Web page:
Phaedrus


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Phaedrus

(ˈfiːdrəs)
n
(Biography) ?15 bc–?50 ad, Roman author of five books of Latin verse fables, based chiefly on Aesop

Phae•drus

(ˈfi drəs, ˈfɛd rəs)

n.
fl. A.D. c40, Roman writer of fables.
Mentioned in ?
References in classic literature ?
Phaedrus, the great imitator of Aesop, plainly indicates this double purpose to be the true office of the writer of fables.
Avienus, also a contemporary of Ausonius, put some of these fables into Latin elegiacs, which are given by Nevelet (in a book we shall refer to hereafter), and are occasionally incorporated with the editions of Phaedrus.
It also contained the Latin versions of the same fables by Phaedrus, Avienus, and other authors.
235; while others make him a contemporary with Phaedrus in the time of Augustus.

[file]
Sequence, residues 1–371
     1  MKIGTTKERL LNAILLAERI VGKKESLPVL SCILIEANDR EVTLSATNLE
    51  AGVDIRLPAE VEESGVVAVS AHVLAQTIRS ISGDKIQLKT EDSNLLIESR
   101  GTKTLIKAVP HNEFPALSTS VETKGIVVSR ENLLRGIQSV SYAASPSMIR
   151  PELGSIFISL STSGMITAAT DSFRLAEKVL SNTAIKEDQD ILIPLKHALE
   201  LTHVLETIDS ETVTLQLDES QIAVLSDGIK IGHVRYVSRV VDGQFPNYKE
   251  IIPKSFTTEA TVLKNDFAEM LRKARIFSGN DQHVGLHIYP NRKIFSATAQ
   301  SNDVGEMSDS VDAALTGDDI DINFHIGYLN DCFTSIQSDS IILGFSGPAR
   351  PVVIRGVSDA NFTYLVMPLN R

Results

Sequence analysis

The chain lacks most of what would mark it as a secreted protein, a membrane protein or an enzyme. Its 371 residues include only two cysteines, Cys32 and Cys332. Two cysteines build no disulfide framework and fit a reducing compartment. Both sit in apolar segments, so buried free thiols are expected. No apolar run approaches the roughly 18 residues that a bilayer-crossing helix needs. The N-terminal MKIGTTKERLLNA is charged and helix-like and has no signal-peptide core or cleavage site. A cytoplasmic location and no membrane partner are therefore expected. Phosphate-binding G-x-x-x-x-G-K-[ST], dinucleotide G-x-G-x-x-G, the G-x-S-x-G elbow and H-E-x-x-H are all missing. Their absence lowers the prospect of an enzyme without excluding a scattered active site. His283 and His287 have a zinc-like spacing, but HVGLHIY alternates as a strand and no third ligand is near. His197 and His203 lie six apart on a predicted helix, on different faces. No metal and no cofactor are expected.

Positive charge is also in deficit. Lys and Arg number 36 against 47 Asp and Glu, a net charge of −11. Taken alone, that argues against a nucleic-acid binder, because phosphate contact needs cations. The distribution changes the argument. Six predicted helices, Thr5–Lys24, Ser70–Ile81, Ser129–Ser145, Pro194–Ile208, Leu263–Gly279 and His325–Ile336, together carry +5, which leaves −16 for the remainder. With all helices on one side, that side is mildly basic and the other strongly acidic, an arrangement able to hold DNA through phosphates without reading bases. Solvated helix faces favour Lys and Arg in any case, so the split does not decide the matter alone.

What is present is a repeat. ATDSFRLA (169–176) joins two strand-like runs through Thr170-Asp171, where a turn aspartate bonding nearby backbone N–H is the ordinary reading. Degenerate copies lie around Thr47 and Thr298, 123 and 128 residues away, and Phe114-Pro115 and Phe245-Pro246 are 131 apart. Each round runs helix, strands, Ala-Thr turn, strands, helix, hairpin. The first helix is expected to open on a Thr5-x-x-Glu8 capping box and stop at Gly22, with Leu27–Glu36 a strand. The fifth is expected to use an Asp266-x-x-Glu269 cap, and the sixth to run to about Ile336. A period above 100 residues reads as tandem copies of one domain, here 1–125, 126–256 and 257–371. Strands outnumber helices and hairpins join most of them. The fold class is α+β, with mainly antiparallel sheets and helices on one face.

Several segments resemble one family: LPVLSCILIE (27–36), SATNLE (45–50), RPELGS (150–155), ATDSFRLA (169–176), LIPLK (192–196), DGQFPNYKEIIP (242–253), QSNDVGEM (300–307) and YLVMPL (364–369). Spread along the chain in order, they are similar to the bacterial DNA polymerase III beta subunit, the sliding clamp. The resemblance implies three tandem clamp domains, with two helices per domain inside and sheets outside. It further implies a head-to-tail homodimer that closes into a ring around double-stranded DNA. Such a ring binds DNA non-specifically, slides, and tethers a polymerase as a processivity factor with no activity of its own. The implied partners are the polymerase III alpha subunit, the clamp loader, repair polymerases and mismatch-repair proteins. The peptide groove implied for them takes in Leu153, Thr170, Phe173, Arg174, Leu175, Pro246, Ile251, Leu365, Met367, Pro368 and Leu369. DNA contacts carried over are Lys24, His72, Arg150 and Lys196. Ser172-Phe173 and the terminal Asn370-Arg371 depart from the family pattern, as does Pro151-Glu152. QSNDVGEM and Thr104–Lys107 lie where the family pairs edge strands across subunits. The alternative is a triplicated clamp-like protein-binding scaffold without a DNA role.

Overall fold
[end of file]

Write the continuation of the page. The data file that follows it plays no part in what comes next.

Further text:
Also here, as in the Ion and Phaedrus, Plato appears to acknowledge an unreasoning element in the higher nature of man.
The idealism of Plato is here presented in a less developed form than in the Phaedo and Phaedrus.
The doctrines of immortality and pre-existence are carried further in the Phaedrus and Phaedo; the distinction between opinion and knowledge is more fully developed in the Theaetetus.
The Republic, like the Phaedrus, is an imperfect whole; the higher light of philosophy breaks through the regularity of the Hellenic temple, which at last fades away into the heavens.
I have been taught these two aphorisms in Latin and in Greek; one is, I believe, from Phaedrus, and the other from Bias.
11) Helen North has noted that references to sophrosyne are also almost totally absent when, in the second half of the Phaedrus, Socrates turns to his discussion of rhetoric (180).
The former, especially in the Phaedrus and the Republic, provided the arguments and the imagery (notably in the allegories of the charioteer and the cave) that would long help others to redeem a maligned rhetoric for philosophical ends.
But detachment, Phaedrus, and preoccupation with form lead to intoxication and desire, they may lead the noblest among us to frightful emotional excesses, which his own stern cult of the beautiful would make him the first to condemn.